Economist David Ndii is leading a six-member team preparing a formula to be used to pick the opposition National Super Alliance presidential candidate.
Even though the team is a top secret within opposition circles, sources on Sunday revealed that they are expected to hand over their report to the four Nasa principals next week.
The six have also been tasked with developing the framework for conducting nominations for the joint presidential candidate, nomination rules for other elective positions and the structure that the opposition coalition will adopt.
The team includes East African Legislative Assembly member Abubakar Zein, chairman of Mumia Sugar Company Dan Ameyo, public policy expert and former consultant in former Prime Minister Raila Odinga’s office Koitamet ole Kina and Cord Secretariat executive director Norman Magaya. The sixth member of the team, a lady who was the latest inclusion, is a nominee of Ford Kenya.
Mr Magaya is the secretary of the technical committee whose activities are partially managed from Mr Odinga’s Capitol Hill offices.
The team has been working under the coordination of a political elite group led by Siaya Senator James Orengo and his Machakos counterpart Johnson Muthama. Also at the peak of the Nasa planning team is Tongaren MP Eseli Simiyu.
On Sunday, Mr Orengo declined to discuss the matter, arguing that the committee operations were confidential.
“These are not matters to be discussed anyhow. They are highly confidential and very sensitive,” he said.
The committee is laying down structures to be used by the Nasa leadership and working on power sharing proposals.
“The committee is working on the proposed structures, framework for nominations both for president and other positions,” said a member of the team who asked not to be named discussing confidential matters.
The Daily Nation established that the committee is keen on joint nominations for all positions to enhance Nasa’s chances of controlling both the Senate and the National Assembly, as well as the counties.
“We want to advise the principals to avoid divisive politics at the grassroots. If we can do joint party primaries the better,” said the source.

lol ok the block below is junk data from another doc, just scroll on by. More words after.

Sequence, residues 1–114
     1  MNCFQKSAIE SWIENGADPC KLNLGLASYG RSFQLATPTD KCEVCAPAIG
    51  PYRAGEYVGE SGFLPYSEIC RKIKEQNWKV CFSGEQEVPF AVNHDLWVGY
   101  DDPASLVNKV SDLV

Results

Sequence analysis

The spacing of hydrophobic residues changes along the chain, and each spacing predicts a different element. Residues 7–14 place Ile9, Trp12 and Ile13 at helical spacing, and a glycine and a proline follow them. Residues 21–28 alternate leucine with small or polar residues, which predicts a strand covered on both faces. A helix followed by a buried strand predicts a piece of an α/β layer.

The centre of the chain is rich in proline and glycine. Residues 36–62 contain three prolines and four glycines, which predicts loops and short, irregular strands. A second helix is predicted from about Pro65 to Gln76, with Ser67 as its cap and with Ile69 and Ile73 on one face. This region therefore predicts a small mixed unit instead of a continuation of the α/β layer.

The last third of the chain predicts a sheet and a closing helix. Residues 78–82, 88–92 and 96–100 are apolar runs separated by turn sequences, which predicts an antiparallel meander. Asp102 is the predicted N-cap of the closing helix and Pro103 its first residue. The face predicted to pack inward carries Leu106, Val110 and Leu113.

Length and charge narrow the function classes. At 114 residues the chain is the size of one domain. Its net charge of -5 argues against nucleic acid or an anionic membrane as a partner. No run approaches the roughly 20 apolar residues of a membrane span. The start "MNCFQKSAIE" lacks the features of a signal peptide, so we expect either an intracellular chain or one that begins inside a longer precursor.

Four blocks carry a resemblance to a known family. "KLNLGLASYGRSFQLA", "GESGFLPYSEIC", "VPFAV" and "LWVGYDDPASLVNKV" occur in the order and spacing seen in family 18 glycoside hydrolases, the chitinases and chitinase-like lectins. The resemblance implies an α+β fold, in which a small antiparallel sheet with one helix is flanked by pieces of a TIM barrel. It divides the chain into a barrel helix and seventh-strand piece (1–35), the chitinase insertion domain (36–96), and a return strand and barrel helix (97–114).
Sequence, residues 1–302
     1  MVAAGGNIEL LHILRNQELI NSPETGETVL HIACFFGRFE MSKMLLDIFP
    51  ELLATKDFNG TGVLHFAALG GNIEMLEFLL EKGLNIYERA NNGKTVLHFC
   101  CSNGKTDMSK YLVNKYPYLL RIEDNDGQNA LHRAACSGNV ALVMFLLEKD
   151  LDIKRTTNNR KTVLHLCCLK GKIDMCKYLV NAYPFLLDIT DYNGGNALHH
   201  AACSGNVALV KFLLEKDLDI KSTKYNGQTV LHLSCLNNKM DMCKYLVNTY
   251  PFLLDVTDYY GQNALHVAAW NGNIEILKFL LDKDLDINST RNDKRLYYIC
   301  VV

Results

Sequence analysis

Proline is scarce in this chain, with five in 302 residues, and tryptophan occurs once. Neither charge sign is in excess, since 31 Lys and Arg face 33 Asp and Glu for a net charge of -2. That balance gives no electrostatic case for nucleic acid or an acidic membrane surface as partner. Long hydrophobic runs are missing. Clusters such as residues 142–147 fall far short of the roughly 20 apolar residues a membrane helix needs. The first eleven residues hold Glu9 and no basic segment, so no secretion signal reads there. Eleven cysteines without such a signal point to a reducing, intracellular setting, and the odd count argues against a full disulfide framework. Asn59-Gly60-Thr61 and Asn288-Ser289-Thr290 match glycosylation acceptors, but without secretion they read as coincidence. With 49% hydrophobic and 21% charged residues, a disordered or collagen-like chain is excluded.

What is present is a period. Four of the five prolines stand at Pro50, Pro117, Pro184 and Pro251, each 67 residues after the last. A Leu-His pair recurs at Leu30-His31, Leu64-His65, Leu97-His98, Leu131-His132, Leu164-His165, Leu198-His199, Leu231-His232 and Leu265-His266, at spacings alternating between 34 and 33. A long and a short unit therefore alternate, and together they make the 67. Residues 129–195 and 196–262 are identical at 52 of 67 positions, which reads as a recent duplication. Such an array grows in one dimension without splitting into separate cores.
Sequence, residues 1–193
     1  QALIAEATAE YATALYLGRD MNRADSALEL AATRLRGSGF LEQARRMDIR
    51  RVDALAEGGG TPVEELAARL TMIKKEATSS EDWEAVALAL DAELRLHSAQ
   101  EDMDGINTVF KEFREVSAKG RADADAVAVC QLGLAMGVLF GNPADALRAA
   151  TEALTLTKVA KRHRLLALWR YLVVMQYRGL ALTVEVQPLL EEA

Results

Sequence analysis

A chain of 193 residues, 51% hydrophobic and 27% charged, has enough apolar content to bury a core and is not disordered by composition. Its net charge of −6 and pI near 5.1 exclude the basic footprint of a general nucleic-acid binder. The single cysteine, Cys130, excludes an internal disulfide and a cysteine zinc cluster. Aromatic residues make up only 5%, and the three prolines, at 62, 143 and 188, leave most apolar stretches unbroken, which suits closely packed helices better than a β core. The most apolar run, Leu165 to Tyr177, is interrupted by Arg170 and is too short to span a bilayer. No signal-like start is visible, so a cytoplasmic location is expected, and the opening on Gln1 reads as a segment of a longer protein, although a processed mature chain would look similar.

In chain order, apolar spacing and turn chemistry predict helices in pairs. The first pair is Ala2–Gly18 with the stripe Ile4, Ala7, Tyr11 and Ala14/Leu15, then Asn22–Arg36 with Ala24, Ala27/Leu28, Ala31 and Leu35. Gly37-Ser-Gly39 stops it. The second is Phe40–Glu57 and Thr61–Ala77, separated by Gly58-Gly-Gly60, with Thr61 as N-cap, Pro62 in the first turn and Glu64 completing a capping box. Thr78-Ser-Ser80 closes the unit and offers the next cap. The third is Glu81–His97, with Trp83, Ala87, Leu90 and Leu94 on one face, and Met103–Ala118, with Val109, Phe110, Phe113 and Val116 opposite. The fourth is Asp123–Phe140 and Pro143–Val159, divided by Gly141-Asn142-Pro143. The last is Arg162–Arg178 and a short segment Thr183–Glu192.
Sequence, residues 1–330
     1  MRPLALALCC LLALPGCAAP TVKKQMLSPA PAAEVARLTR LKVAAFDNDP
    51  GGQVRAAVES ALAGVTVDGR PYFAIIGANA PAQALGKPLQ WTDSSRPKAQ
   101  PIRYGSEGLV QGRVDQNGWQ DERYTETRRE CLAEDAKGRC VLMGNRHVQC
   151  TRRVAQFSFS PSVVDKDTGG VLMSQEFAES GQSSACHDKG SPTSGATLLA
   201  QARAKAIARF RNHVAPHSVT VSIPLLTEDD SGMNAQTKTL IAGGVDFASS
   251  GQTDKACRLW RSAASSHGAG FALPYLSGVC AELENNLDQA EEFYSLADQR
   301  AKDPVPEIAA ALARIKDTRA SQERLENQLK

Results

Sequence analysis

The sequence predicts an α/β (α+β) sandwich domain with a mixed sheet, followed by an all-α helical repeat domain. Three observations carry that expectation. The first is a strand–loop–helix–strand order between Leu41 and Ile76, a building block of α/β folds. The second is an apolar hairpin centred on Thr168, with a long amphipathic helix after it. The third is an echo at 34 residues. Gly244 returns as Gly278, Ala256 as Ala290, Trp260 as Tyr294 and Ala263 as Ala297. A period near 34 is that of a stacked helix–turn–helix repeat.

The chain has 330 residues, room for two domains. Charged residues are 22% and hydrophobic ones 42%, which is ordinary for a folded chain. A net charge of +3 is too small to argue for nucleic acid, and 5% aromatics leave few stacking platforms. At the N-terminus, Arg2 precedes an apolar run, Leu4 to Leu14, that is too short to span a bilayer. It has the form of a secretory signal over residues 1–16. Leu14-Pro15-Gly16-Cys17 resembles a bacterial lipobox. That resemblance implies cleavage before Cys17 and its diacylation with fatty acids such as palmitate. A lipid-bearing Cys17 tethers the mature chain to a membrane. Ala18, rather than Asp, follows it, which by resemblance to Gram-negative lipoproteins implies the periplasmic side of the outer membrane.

Already, ODM and Wiper Democratic Movement have broken ranks in some areas including Garissa and Mombasa where the parties have lined up candidates to separately take on each other.
In Mombasa, Wiper’s Hassan Omar is leaving his senatorial position to fight it out with Governor Hassan Joho of ODM, while in Garrissa, ODM is sponsoring Nassir Dolal to run for the Garissa Township parliamentary seat after former speaker Farah Maalim decamped to wiper.
The coordinating team is expected to give a preliminary report to the principals within the week before a final position is reported next week.
Various options for picking the opposition presidential candidate will be tabled, including consensus and nominations through delegates.
TAKE OVER POWER
Already the registration formalities are under way, with agents picking names from among supporters in the counties to be presented to the Registrar of Political Parties after the name was reserved several weeks ago.
“Nasa is coming out a strong force. We hope to build it into a movement that can take over power and save Kenya from the hustles of corruption, economic failure, dictatorship and incompetence,” said Suna East MP Junet Mohammed.
Vihiga Senator George Khaniri says that the secret of Nasa’s expected victory lies in the joint candidate the coalition will pick.
“It is important that the coalition agree on one candidate and work on strategy similar to Narc of 2002. Nothing is impossible,” said Mr Khaniri.
But there are still fears that some of the coalition bigwigs maybe be tempted with offers by government supporters.
“We fear that government agents may be seeing some of our critical members. There is an operation to scatter our unity, which may be disastrous. We only pray that God will intervene. The offers are tempting,” said an MP who is following developments in the coalition.
Determined to take the fight to the door of Jubilee’s President Uhuru Kenyatta, Nasa has released nine pledges to Kenyans, among them uniting the country across the ethnic divide and increasing funding for counties from the current 15 per cent to 50 per cent of revenue.
They have promised free education from nursery to secondary school, proper healthcare, and a food-secure nation.
Dubbed Kenya Kwanza, the pledges outline provision of democratic, transparent and inclusive governance, eradication of corruption and proper management of the economy.